For this week’s selection, I did films that were explicitly lit about Sherlock Holmes. Or to be more precise, films about reasonable facsimiles of Sherlock Holmes but really aren’t fooling anybody.

On a nice side note these were pretty obscure titles and definitely put the breadth of Scarecrow’s collection to the test.


Wednesday Double Feature - Not Sherlock Holmes - They Might Be GiantsThe first film on my list was They Might Be Giants starring George C Scott. (In case anyone is wondering this is the film that the band got their name from) Scott plays Justin Playfair, a former lawyer, who, since his wife died, has become convinced he is Sherlock Holmes. His Brother tries to get him committed, (partially for his own good and partially to get control of his fortune) He is taken into the hands of Dr. Mildred Watson (Joanne Woodward) and now that Holmes has his Watson he can now solve his greatest mystery… Whatever it is.

This was a fun little film based loosely on one of the main premises of Don Quixote. “Sure, we know they’re windmills… but they MIGHT be giants”. Following a series of strange clues (such as bags of garbage) Justin leads Mildred down the rabbit hole to a different perspective where disenfranchised mad people live in their own world and are quite happy about it, thank you very much.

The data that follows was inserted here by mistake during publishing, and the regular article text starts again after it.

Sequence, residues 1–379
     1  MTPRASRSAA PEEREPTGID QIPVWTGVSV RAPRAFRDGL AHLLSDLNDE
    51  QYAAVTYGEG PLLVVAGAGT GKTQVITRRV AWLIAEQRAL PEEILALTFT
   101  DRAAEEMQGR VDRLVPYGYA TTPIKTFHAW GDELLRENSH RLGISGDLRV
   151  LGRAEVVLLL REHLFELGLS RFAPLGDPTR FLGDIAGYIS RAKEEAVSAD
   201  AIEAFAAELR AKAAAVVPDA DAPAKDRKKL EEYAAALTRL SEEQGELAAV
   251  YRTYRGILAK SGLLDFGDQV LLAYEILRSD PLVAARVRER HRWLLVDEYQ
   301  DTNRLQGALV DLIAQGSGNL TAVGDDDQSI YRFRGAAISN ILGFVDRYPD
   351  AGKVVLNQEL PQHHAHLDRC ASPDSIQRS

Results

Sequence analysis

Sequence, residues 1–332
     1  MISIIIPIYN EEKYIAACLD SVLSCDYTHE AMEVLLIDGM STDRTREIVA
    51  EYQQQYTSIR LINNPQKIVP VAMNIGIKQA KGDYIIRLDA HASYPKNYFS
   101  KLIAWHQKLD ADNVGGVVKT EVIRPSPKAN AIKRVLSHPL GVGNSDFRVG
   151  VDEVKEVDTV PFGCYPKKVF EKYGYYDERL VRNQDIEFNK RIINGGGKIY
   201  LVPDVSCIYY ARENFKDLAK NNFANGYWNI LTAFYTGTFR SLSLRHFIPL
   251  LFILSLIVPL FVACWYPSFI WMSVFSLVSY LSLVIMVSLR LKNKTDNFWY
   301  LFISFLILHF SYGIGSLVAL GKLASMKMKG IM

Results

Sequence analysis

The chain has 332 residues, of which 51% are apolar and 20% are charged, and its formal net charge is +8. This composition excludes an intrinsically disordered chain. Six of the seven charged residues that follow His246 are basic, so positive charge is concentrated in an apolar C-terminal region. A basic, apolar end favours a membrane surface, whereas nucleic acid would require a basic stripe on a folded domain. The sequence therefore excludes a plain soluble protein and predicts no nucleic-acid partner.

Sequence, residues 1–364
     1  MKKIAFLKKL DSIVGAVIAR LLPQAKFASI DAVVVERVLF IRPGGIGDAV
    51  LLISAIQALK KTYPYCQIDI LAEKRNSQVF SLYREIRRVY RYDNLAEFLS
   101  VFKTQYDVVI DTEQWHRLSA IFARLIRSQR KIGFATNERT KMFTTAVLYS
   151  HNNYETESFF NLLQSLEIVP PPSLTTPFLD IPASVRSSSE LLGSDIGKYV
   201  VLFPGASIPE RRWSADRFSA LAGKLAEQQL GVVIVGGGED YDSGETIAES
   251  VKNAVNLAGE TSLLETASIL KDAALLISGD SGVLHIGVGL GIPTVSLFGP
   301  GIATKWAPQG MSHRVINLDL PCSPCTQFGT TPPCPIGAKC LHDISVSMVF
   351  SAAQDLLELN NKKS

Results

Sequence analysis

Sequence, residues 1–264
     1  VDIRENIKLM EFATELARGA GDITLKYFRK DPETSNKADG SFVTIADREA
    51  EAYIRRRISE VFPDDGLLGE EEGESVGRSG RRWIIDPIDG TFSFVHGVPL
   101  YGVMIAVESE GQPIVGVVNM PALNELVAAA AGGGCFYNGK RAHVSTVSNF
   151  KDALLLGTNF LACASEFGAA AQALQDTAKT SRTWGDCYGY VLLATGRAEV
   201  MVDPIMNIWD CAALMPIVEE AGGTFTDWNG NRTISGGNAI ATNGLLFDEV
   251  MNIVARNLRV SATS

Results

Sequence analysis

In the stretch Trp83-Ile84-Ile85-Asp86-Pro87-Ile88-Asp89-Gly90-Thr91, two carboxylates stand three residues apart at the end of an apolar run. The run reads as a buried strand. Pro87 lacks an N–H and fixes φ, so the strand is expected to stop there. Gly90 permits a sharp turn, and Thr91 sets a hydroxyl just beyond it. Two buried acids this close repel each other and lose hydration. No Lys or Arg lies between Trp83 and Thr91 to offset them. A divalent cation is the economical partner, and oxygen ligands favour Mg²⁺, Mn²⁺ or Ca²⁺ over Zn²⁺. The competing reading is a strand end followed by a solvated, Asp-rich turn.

I enjoyed this film. Sure it was short and mushy, it was a lot of fun. To put this in very geeky gamer terms I kept imagining this to be a story about a VERY benign coterie of Malkavians from the World of Darkness… and Scott and Woodward play off each other very well.

Wednesday Double Feature - Not Sherlock Holmes - The Man Who Was Sherlock HolmesMy next film is the German 1933 film, The Man Who Was Sherlock Holmes. Tells the story of two con artists (or at least we think they’re con artists) Morris Flynn (Hans Albers) and Macky McMacpherson (Heinz Rühmann) who try to pass themselves off as Holmes and Watson (in their defense they don’t SAY they’re Holmes and Watson… they just get on the train dressed in a deerstalker smoking a pipe and carrying a violin when they give their real names… they just don’t correct anyone who assumes they’re Holmes and Watson in disguise.

This gets them free passage on the hotel and free room and board at a fancy hotel. But it also gets them the attention of the police who want their help with a counterfeiting ring.

I’m not sure if I can truly recommend this film, but it was fairly well done, with solid comic performances from the leads, and perfectly enjoyable.

Regarding where and when it was made, the cynic in me kept regarding it as a propaganda film, as if it was trying to tell me “See? All of us Germans are happy people! Nothing to see here!”